June 1, 2021

Divot, Big Mama and palpable silence.

Humpback Whale

Maxx K. | M/V Kestrel | 06/01/2021 | 2:00


I woke up this morning with one of those unexpected, unwarranted gut feelings that today was going to be awesome. Today we were going to see something really special. And that we did. 

We set out of Friday Harbor heading north. Like days prior, we were getting reports of whales off Saturna Island, hugging the US/Canadian border. 

Now historically, because of the Right of Free Passage, this would be absolutely no stress. However, given the pandemic, we can no longer pass into Canadian waters. So if these whales decided to shift in towards Canada, we would simply have to wave them goodbye at the border. With our fingers crossed we continued north, anxiously holding our breaths that we might be so lucky to catch a sight of these whales. 

There were three humpback whales on scene: BCX1075 (Divot), her calf, and local celebrity, BCY0324 (Big Mama).

We slowed early as Divot and her calf surfaced for breaths off our port. Like clockwork her calf would rise and spout and Divot would follow a few moments later. It’s incredible to imagine how hard working humpback mothers are. To think they haven’t eaten for months, are nursing a newborn 100 gallons of milk per/day, all the while journeying thousands of miles towards their next opportunity to feed. I tip my hat to you, Divot. You are spectacular.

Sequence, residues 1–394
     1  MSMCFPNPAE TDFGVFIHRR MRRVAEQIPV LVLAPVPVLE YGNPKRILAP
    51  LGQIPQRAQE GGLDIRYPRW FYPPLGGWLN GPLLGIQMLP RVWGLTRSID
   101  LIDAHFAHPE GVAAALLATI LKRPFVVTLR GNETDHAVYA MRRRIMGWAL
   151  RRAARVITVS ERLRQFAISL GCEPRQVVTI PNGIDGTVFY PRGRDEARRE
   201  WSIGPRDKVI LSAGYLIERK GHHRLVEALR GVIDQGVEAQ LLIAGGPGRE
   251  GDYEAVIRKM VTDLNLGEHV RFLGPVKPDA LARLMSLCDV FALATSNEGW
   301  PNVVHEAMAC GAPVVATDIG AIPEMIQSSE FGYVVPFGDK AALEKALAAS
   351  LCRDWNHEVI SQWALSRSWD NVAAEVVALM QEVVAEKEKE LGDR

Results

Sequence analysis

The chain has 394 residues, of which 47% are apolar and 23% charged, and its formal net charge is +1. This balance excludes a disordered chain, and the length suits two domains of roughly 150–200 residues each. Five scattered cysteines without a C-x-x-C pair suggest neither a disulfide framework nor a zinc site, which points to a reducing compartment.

We left Divot and her calf after a few minutes, turning to search the horizon for Big Mama who had been spotted nearby. 

One of my favorite aspects of working as a naturalist is the silence that falls over a boat as the engine is turned off and we all wait with baited breath to spot a whale. It’s the loudest, most palpable silence I’ve ever encountered and I love it. After a few moments, that silence was extinguished as Big Mama surfaced right at our bow. 

(Full disclosure, I crumpled to the floor in excitement) 

    Big Mama was one of the first humpbacks reported to arrive back to the Salish Sea in the late 90’s. She’s been here several times, frequently ushering a calf of her own. She’s a big whale, almost 50 feet long, and she is passing right across our bow. It was absolute magic. 

    We admired her for several more minutes before turning away and making our way back to Friday Harbor. We truly could not ask for a better day out on the Salish Sea.